The earliest public meeting to consider the reception that should be given to the tea-ships on their arrival, was held in the city of New York, on the 15th of October, 1773. Intimations had reached the city on the 11th, that a tea-ship had been ordered to that port; and at the meeting held at the coffee-house, in Wall street, grateful thanks were voted to the patriotic American merchants and ship-masters in London who had refused to receive tea as freight from the East India Company.
On the following day (October 16) a large meeting was held in the State-house yard, in Philadelphia, for the same purpose. When word reached the city that a tea-ship had been ordered to that port, the newspapers denounced the whole scheme as a ministerial trick to ensnare and enslave the Americans.
The people were much excited, and the meeting in the State-house yard was a "monster" gathering for that day. Eight spirited resolutions were adopted, the most vital of which was one that declared "That the resolution lately entered into by the East India Company, to send out their tea to America subject to the payment of duties on its being landed here, is an open attempt to enforce the ministerial plan, and a violent attack upon the liberties of America." They also resolved that it was the duty of every American to oppose the attempt to force the tea and taxes upon them.
The consignees of the proscribed herb, in Philadelphia, were, by another resolution, requested, "from a regard to their character and the good order of the city and province, immediately to resign." Already a self-constituted "committee for tarring and feathering" had issued a manifest to the pilots on the Delaware, telling them to do their duty in case they should meet the tea ship Polly, Captain Ayres. They were to warn him not to go to Philadelphia, and to promise him, in case he persisted in doing so, that he would have "a halter around his neck, ten gallons of liquid tar scattered over his pate, with the feathers of a dozen wild geese laid over that to enliven his appearance."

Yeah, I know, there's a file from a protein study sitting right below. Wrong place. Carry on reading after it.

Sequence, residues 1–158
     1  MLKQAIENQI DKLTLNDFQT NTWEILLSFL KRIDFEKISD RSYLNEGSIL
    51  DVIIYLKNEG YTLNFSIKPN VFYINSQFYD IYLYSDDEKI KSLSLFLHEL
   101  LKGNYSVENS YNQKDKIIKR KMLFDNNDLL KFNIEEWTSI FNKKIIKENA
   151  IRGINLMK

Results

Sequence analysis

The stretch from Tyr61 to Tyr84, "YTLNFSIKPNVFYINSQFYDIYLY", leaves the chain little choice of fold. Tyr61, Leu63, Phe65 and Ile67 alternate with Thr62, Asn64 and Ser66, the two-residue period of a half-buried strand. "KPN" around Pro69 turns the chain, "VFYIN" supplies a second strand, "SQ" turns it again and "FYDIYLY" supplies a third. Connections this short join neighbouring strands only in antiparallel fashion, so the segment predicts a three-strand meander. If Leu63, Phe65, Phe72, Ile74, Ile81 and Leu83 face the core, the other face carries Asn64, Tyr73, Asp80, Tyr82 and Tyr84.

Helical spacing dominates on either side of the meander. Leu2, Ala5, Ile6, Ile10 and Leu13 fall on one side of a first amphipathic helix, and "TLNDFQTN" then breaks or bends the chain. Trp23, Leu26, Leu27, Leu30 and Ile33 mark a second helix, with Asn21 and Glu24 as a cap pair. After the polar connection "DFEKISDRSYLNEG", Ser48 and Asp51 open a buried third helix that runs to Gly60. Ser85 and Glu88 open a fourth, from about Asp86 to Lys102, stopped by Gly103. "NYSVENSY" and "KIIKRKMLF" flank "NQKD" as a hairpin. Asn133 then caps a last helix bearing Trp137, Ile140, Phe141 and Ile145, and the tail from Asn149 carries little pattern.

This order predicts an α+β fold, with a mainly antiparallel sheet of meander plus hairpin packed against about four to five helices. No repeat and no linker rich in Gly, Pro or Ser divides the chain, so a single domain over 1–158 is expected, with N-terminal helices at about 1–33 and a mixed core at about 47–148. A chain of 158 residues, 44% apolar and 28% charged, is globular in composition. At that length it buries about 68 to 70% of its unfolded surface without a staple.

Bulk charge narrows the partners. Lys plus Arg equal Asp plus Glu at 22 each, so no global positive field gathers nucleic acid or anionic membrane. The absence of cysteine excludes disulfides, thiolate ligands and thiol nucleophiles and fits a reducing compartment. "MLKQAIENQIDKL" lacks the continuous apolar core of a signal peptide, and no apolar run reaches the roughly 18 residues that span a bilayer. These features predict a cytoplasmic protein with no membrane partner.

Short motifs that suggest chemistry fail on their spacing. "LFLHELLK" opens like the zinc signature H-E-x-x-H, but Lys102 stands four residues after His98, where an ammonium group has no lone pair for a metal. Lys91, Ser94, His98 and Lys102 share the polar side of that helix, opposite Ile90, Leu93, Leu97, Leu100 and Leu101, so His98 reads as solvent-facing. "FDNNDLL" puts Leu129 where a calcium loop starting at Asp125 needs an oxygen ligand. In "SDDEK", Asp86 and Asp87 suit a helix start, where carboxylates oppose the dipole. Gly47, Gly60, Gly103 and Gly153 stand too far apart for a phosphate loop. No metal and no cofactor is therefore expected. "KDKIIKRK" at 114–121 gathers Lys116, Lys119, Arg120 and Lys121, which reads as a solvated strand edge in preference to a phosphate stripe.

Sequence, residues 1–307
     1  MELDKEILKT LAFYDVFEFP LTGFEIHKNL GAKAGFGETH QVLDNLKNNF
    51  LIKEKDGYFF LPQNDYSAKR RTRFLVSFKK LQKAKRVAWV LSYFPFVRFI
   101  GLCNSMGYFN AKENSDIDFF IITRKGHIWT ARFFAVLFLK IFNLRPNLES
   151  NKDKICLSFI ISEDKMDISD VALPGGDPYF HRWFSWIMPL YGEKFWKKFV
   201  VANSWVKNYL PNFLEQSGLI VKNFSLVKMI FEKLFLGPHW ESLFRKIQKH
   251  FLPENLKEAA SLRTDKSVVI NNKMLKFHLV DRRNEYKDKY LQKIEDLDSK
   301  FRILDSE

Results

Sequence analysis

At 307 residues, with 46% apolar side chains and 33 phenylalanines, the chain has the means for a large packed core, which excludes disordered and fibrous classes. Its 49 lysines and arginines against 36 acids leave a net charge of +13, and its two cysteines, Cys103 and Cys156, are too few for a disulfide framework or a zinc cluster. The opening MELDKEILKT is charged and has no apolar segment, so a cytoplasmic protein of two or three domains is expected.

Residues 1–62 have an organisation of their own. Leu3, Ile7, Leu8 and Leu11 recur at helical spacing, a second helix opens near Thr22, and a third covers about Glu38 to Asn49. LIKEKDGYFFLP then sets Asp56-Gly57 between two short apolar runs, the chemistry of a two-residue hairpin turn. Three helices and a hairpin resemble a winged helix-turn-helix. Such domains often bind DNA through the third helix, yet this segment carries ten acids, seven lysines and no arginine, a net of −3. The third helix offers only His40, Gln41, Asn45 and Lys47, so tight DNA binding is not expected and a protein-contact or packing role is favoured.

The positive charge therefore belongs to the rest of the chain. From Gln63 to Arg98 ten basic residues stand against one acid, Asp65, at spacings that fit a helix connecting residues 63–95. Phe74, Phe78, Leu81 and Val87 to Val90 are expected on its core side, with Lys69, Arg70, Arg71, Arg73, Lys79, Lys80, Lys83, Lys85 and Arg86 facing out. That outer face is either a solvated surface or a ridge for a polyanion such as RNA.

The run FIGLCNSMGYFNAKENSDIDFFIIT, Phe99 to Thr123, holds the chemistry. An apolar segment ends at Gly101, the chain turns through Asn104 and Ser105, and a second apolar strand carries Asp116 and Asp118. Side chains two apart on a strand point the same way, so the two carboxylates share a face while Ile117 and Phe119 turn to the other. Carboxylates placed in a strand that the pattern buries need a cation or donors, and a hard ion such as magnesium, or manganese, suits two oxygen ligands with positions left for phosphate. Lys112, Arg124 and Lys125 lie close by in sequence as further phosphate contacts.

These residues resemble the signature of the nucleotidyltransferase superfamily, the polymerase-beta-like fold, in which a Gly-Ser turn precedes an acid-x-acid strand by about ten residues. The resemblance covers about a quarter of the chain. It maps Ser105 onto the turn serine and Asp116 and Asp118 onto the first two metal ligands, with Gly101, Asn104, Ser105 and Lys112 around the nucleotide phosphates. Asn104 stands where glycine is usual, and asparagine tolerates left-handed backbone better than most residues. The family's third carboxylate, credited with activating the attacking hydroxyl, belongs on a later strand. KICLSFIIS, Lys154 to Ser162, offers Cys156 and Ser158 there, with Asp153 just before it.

The same committee threatened the consignees; and when, on Christmas day, the news reached Philadelphia that the long-expected Polly was "below," several gentlemen proceeded to meet her. She was intercepted a few miles below the city. When her captain was told about public sentiment in Philadelphia, he left his ship and accompanied the gentlemen to the city.
The next day an immense public meeting was held at the State-house, to "consider what was best to be done in that alarming crisis." It was resolved that the tea should not be landed, nor the tea-ship be allowed to enter the port, or be registered at the Custom-house. It was also resolved that the tea should be sent back, and that the vessel should make her way out of the river and bay as soon as possible.
News that a similar spirit had been manifested in Charleston, New York and Boston, drew hearty thanks from the meeting in Philadelphia. The Captain (Ayres) of the Polly pledged himself to conform to the wishes of the people, and so the latter triumphed. A contemporary writer said: "The foundations of American liberty are more deeply laid than ever."